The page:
Living in a different country where you don’t speak the language can be empowering and terrifying at the same time. I have accomplished things that I never thought I could do – every now and then I have to pinch myself to make sure Norway isn’t a dream. However, giving up my home, my friends and family and the familiar can make me feel lost and very insecure – almost… displaced. I’ve gone back into a child-like realm – ordinary things are new to me, daily life needs to be learnt and people talk around me even when I am right there. It feels like being an adult trapped inside a seven year old. It is a humbling experience to be an immigrant.

There are many things that an immigrant finds hard in daily life in Norway, here are just 15 things I’m not afraid to admit:

1. I try to sit where the teacher can’t see me in Norwegian class so I don’t get called upon to read out loud.

2. I feel embarrassed when they take my finger print at the airport to let me travel even on a domestic flight.

3. Norwegian feet are much wider than Australian feet and so I can’t find shoes that fit.

4. I feel like a leather bag standing next to a Norwegian – my face has been so damaged by the Australian sun. Norwegian’s have beautiful clear skin.

5. One time I booked the wrong air flight because I couldn’t read the Norwegian site properly.

6. I feel unwanted in Norway.

7. When strangers talk to me I just smile and nod because I don’t want them to know I’m an immigrant.

8. I hate Fårikål.

9. I don’t understand why Norwegians don’t care about the war ruins that were left behind by the Germans – and that they just leave them to fade away into the landscape.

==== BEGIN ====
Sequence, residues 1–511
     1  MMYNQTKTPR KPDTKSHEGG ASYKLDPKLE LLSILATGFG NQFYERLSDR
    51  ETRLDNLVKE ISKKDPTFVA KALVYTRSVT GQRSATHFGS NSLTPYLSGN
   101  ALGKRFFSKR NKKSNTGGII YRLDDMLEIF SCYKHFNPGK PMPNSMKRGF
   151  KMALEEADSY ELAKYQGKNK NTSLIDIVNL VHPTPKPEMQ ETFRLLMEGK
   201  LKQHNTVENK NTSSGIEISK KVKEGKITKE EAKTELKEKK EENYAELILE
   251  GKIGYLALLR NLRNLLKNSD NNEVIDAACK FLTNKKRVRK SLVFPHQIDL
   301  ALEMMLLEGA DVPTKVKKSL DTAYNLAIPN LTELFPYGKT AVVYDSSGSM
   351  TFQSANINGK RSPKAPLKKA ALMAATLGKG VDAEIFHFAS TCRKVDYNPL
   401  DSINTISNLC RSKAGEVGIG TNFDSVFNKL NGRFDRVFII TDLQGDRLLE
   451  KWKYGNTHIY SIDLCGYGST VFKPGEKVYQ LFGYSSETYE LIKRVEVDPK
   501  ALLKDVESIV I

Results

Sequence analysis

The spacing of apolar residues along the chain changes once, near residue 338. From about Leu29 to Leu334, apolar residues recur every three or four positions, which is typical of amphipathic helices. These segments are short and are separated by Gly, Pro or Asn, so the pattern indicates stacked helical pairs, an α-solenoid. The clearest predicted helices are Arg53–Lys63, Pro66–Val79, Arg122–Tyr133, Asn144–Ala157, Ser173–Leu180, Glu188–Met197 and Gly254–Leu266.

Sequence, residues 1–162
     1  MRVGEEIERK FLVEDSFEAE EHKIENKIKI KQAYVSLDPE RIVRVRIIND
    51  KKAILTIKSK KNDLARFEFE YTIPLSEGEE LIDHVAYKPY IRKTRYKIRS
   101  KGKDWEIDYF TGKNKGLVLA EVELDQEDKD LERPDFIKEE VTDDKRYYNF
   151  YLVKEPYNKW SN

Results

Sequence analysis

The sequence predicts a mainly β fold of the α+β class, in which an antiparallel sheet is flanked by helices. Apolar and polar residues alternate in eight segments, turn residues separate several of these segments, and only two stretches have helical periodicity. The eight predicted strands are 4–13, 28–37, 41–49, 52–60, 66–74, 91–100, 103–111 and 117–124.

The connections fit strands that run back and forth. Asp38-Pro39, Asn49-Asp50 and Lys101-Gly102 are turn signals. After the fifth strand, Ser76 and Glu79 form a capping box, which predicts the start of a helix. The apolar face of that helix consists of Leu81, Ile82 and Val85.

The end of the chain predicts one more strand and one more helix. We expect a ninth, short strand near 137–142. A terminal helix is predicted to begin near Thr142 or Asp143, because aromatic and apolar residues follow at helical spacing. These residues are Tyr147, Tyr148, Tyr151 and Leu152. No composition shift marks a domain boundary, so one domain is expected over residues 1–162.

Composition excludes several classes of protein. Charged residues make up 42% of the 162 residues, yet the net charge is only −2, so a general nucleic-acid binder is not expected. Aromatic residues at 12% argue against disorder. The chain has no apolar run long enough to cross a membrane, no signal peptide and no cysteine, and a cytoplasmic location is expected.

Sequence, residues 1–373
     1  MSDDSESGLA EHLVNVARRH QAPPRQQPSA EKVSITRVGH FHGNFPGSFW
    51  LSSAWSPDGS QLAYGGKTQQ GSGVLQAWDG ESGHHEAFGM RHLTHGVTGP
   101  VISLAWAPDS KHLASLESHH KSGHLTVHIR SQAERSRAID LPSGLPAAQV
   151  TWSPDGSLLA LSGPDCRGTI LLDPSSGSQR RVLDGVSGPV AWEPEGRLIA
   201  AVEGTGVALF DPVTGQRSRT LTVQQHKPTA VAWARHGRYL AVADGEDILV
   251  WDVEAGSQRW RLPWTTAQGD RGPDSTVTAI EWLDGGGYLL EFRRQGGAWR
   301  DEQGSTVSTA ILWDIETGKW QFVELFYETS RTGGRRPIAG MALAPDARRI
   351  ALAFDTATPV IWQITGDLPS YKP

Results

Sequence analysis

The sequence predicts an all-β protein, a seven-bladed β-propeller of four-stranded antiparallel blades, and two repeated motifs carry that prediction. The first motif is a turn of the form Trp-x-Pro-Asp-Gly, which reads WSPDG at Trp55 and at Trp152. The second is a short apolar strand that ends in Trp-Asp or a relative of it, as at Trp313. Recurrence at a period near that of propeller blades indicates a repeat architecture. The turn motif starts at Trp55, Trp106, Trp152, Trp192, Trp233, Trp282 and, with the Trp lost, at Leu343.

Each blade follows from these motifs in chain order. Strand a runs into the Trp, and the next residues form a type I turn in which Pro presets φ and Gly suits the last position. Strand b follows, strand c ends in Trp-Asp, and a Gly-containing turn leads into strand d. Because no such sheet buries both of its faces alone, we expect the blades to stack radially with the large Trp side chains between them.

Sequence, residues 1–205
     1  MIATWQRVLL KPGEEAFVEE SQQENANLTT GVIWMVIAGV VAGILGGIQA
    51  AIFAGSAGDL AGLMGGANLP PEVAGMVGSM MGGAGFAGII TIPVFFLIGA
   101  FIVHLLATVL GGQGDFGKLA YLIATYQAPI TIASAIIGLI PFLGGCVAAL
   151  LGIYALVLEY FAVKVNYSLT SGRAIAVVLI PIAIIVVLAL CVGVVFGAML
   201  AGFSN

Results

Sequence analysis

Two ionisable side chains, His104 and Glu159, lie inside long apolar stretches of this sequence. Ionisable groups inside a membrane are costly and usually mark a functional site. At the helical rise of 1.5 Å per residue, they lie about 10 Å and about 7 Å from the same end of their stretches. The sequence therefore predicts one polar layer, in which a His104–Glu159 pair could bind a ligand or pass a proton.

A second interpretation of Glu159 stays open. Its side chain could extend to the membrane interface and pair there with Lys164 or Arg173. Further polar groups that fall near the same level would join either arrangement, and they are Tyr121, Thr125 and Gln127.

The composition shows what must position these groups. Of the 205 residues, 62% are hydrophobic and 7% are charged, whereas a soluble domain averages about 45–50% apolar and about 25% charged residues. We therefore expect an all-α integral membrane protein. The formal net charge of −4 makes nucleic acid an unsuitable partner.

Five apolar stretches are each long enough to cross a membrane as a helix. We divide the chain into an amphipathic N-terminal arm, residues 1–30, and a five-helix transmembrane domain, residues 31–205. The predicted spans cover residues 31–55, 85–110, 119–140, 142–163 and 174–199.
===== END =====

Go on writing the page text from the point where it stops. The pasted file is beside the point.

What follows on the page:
10. I pick the worst spots to walk and always slip on the ice.

11. I feel guilty whenever I go to the immigration office because they always treat you as ‘other’.

12. I don’t understand how there could still be a communist party in Norway.

13. I am afraid of walking in the forest in the dark.

14. It is custom to take off your shoes when you enter someone’s house in Norway and to walk around in just your socks. Sometimes I forget to wear socks and feel embarrassed when people look down at my bare feet.

15. I’m sick of eating hot dogs!

Next tag: I have a friend who is studying in Bergen at the moment. Becky blogs about her experiences in Norway being on a study exchange program at

All Hallows Day

It would seem that Halloween is a new celebration in Norway since trick-or-treating has only become popular in the last ten years. However, this holiday has a long tradition in Norway that started in medieval times. In the 10th century A.D. the Catholic Church had become established among the pagan Norsemen under the iron fist of St. Olav. The Church celebrated All Hallows Day, now also known as All Saints’ Day, on the 1st of November every year. Traditionally, All Hallows Day started at sunset the day before, which was called All Hallows Even (Hallow E’en or Halloween). The holiday was adopted by the Protestant Church after the reformation in the 16th century, but was altered to be a commemoration of the dead.

Today, All Saints Day is marked on the calendar, but is not widely celebrated as a religious occasion. However, the day has instilled a tradition with Norwegians to visit and tend the graves of their loved ones with lanterns and flowers – be it on All Saints or any other day of the year.